North Korean missile launch prompts brief warning for Japanese island to take shelter – National | Globalnews.ca

North Korea launched a ballistic missile that landed in the waters between the Korean Peninsula and Japan on Thursday, prompting Japan to order residents on an island to take shelter as a precaution. The order has been lifted.

South Korea’s Joint Chiefs of Staffs said the North Korean missile launched from near the capital Pyongyang flew toward the waters between the Korean Peninsula and Japan. The statement described the missile as a weapon with a medium or longer range but didn’t say how far the missile flew.

The Joint Chiefs of Staff said South Korea’s military boosted its surveillance posture and maintains a firm readiness in close coordination with the United States.

Japan said the missile landed in the water but did not immediately give a more exact landing location.

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Earlier, the launch had prompted the Japanese government to urge people to seek shelter on the northernmost island of Hokkaido. The government then corrected and retracted its missile alert saying its analysis showed there was no possibility of a missile landing near Hokkaido. Officials in charge of the government crisis management division could not be immediately reached.

Last October, Japan issued a similar evacuation order when a North Korean intermediate-range missile flew over Japan in a launch that demonstrated the potential to reach the U.S. Pacific territory of Guam. At the time, Japanese authorities alerted residents in its northeastern regions to seek shelter and halted trains, although no damages were reported before the weapon landed in the Pacific.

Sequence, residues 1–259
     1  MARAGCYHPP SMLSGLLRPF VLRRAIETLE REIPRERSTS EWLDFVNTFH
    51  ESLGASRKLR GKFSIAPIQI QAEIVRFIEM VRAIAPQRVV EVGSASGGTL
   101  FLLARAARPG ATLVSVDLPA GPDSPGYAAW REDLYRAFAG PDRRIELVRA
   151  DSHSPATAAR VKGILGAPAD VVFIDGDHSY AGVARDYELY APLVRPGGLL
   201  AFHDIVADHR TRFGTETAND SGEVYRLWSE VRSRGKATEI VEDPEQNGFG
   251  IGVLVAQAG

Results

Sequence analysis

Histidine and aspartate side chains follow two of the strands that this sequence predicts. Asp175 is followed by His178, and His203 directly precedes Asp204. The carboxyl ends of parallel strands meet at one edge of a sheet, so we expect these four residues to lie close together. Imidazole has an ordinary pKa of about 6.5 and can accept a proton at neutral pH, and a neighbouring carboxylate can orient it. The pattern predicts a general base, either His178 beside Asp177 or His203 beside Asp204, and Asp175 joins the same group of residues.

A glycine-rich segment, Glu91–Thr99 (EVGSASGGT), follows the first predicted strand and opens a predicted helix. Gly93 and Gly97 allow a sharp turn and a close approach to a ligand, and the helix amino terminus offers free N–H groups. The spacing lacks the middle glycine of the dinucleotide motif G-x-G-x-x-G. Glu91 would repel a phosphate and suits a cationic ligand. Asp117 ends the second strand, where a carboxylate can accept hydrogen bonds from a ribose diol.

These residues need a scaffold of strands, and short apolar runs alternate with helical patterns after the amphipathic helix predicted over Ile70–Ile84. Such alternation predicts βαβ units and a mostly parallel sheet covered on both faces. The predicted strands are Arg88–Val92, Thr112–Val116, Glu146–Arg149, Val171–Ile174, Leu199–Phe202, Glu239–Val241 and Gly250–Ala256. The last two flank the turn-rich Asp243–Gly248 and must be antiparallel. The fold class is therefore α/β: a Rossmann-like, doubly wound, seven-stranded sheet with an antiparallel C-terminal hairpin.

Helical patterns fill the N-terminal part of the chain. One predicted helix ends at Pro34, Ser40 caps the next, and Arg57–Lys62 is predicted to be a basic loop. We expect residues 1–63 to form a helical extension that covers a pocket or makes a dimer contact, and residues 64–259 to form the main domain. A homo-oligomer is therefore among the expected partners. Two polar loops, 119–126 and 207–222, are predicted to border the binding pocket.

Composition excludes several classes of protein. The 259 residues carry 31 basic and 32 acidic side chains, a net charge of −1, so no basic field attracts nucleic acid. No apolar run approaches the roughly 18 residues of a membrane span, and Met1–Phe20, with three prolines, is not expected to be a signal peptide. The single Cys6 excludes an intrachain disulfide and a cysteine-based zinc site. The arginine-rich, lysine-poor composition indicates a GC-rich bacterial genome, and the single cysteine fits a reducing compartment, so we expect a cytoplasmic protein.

Click to play video: 'North Korea to expand missile program in attempt to bolster nuclear arsenal'


North Korea to expand missile program in attempt to bolster nuclear arsenal


Thursday’s launch, the latest in the North’s barrage of weapons tests this year, came days after its leader Kim Jong Un vowed to enhance his nuclear arsenal in more “practical and offensive” ways.

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This year, North Korea has launched about 30 missiles in response to South Korean-U.S. military drills that it views as a rehearsal for an invasion. South Korean and U.S. officials say their drills are defensive in nature and were arranged to respond to North Korea’s growing nuclear and missile threats.

During a military meeting Monday, Kim reviewed the country’s frontline attack plans and various combat documents and stressed the need to bolster his nuclear deterrent with “increasing speed on a more practical and offensive” manner, according to North Korea’s official Korean Central News Agency.

KCNA said that meeting discussed unspecified issues related to strengthening defense capacities and perfecting war preparations to counter the threat posed by its rivals’ military drills.